The S&P 500 fell 4.6% this week, as global growth concerns were exacerbated by negative developments regarding U.S-China trade negotiations and the continued flattening of the U.S. Treasury yield curve. The Dow Jones Industrial Average lost 4.5%, the Nasdaq Composite lost 4.9%, and the Russell 2000 lost 5.6%.
Investors breathed a fleeting sigh relief that trade relations between the U.S. and China did not worsen over the weekend after the two countries agreed to suspend further tariff actions for 90 days to allow more time for trade discussions. Despite President Trump's optimism, the market's optimism quickly waned on the supposition that a March 1 deadline to resolve major trading issues won't be sufficient time to work out major trade issues that have been in place for years. Furthermore, the specter of increasing the tariff rate to 25% (from 10%) on $200 billion of Chinese goods should an acceptable deal not be reached weighed on investors' minds.
In addition, the news of the arrest of Huawei Technologies' CFO Meng Wanzhou heightened these burgeoning trade concerns. Ms. Meng was arrested Dec. 1 in Canada amid allegations that the company violated U.S. trade sanctions on Iran. Her arrest invited worries about trade negotiations going awry in the 90-day window and potential retaliation against U.S. companies doing business in/with China.
Economic growth concerns were cast into the spotlight by a decisive curve-flattening trade in the Treasury market that featured some inversions on the short end. The 2-yr yield (2.70%) and 3-yr yield (2.71%) closed higher than the yield on the 5-yr Treasury note (2.69%) this week.
Also, the difference between the 2-yr and 10-yr yields narrowed to its slimmest margin since 2007. Specifically, the 2-yr yield lost 11 basis points to 2.70%, and the 10-yr yield lost 16 basis points to 2.85%. Those moves were exacerbated by a "pain trade," as short sellers expecting higher rates were compelled to cover their bearish bets.
In a broader context, concerns over future economic growth drove concerns about future earnings growth. That fueled some of this week's selling interest, which completely unwound the 4.9% gain for the S&P 500 from the prior week at Friday's low.
Notably, that was the case despite there being one less day of trading. The market was closed Wednesday in recognition of the national day of mourning for President George H.W. Bush.
The worst-performing sectors this week were the financials (-7.1%), industrials (-6.3%), materials (-5.2%), information technology (-5.1%), and health care (-4.6%) sectors. The only two sectors that escaped the week with a gain were the utilities (+1.3%) and real estate (+0.3%) sectors.
The rate-sensitive financial sector was undermined by the flattening yield curve, which raised concerns about a compression in net interest margins. Regional banks were notable laggards as worries about lower mortgage loan demand stemmed from home builder Toll Brothers (TOL) acknowledging that it saw a moderation in demand in its fiscal fourth quarter ended Oct. 31 and that it saw the market soften further in November. The SPDR S&P Regional Bank ETF (KRE) fell 7.2% this week.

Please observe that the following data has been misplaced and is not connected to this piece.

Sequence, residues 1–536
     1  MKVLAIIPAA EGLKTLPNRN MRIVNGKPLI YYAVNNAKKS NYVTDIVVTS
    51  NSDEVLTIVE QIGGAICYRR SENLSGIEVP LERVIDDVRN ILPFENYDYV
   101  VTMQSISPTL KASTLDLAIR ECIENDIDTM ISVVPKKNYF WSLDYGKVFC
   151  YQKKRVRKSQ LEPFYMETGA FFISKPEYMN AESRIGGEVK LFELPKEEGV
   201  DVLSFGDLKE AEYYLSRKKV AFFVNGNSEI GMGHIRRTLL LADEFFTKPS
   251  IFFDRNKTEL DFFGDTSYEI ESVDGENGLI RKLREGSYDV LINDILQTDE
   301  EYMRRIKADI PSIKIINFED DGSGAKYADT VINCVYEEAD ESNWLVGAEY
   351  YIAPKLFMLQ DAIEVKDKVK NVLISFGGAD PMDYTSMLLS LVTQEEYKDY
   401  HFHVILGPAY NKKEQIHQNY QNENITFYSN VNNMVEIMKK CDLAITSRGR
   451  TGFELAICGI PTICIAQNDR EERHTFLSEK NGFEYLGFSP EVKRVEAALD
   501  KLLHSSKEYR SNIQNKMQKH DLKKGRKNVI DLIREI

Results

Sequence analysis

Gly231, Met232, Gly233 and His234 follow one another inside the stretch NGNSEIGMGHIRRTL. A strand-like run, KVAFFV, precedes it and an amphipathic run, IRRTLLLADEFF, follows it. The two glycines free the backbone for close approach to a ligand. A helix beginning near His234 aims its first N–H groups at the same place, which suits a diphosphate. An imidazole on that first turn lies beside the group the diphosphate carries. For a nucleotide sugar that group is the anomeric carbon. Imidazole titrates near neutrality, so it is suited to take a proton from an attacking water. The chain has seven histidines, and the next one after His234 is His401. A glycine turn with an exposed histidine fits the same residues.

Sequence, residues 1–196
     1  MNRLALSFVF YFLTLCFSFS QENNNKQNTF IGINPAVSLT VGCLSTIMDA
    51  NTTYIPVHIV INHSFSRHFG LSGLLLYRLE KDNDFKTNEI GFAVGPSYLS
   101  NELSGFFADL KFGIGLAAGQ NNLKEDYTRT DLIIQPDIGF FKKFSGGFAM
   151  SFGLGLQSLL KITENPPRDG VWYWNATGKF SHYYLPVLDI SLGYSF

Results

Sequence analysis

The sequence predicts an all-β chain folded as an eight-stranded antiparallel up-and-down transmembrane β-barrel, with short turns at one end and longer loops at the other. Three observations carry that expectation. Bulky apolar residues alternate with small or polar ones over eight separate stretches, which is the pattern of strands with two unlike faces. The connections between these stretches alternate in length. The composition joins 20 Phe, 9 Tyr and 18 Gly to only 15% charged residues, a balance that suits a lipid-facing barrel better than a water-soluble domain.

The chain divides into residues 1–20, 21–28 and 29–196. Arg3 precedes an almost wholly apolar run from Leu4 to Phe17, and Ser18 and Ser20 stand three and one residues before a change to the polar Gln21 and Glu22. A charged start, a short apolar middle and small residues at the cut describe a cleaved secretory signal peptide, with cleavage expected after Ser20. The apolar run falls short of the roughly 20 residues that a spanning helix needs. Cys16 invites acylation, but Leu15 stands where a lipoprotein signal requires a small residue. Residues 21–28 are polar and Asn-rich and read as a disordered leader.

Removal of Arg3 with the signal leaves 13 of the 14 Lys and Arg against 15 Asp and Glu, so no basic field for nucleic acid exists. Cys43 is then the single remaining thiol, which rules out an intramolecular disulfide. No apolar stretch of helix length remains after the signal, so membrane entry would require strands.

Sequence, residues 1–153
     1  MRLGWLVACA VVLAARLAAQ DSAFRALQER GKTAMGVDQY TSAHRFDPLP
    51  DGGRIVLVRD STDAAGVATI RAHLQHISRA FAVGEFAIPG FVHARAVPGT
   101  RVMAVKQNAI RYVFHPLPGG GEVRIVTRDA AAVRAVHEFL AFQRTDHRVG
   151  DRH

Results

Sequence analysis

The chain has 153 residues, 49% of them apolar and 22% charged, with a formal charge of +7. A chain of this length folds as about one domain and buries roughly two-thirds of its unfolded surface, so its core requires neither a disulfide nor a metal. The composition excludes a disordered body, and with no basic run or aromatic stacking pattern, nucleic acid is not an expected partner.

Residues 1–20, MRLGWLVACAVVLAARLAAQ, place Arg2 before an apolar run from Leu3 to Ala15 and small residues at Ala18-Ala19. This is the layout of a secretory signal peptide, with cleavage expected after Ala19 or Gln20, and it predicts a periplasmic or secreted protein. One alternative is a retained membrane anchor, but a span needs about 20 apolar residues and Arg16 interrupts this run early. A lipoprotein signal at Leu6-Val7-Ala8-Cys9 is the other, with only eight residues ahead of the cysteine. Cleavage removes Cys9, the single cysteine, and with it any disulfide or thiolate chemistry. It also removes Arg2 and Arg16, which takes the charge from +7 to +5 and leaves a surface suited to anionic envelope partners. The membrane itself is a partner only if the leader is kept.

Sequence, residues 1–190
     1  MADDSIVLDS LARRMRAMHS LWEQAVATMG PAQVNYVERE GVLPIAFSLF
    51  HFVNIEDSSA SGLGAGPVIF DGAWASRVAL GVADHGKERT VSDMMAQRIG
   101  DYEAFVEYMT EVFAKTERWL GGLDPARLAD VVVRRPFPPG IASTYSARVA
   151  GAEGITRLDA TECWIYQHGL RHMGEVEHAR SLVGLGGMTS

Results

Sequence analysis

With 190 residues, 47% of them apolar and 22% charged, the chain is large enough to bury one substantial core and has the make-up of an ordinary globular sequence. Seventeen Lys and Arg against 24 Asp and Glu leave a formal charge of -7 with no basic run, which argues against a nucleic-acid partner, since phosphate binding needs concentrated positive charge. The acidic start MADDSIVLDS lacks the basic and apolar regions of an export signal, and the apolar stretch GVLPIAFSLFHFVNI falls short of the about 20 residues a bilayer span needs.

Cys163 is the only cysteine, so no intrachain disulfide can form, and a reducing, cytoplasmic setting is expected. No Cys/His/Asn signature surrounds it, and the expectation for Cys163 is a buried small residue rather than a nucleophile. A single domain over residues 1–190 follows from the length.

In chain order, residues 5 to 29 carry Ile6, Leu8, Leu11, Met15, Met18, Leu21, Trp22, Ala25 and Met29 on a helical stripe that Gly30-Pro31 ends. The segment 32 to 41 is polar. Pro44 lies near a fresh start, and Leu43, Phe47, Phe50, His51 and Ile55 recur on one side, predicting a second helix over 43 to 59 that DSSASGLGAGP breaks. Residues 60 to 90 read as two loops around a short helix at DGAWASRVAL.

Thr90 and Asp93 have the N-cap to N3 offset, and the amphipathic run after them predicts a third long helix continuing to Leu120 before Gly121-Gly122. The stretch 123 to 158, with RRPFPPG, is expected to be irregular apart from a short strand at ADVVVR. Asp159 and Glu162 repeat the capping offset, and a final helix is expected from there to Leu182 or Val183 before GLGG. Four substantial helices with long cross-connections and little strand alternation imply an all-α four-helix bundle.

Transport stocks, in particular, weighed on the trade-sensitive industrial sector. The Dow Jones Transportation Average dropped 8.0% this week. American Airlines (AAL) struggled with a steep 16.4% loss this week.
Apple (AAPL) conceded more losses this week, as it dragged on the tech space. Apple has retreated over 20.0% since releasing its quarterly report in October and has remained a signpost of the ongoing effort to liquidate/reduce exposure to this widely-owned sector, which is still the market's most heavily-weighted sector.
The energy sector (-3.1%) was down for the week, yet it outperformed the broader market, helped by a 3.1% bump in oil prices to $52.52 per barrel.
Energy stocks pared gains on Friday after OPEC+ producers agreed to a production cut of 1.2 million barrels per day to address weakening oil prices. Russia was a party to the proposed production cuts; meanwhile, Iran will reportedly be exempt from the production cut requirements.
On a related note, Qatar, in a surprise move, announced plans to withdraw from OPEC to focus on gas production. Qatar has been a member of OPEC since 1961.
Separately, Atlanta Fed President Bostic (FOMC voter) said he thinks the fed funds rate is within shouting distance of neutral, which followed previous remarks from Dallas Fed President Kaplan (non-FOMC voter) who also suggested the fed funds rate is a little bit below neutral. A Wall Street Journal report also suggested that the Federal Reserve might be more cautious-minded about raising interest rates following its December FOMC meeting.
The November Employment Situation Report on Friday seemingly helped substantiate that view. It showed nonfarm payrolls increasing a weaker than expected 155,000 and average hourly earnings increasing 0.2%, which left them up 3.1% year-over-year, unchanged from October. In other words, the wage growth acceleration the Federal Reserve has been bracing for was missing.
Overseas, global markets finished the week with large losses as well. Germany's DAX (-4.2%) led the European retreat and Japan's Nikkei (-3.0%) led the decline in Asia.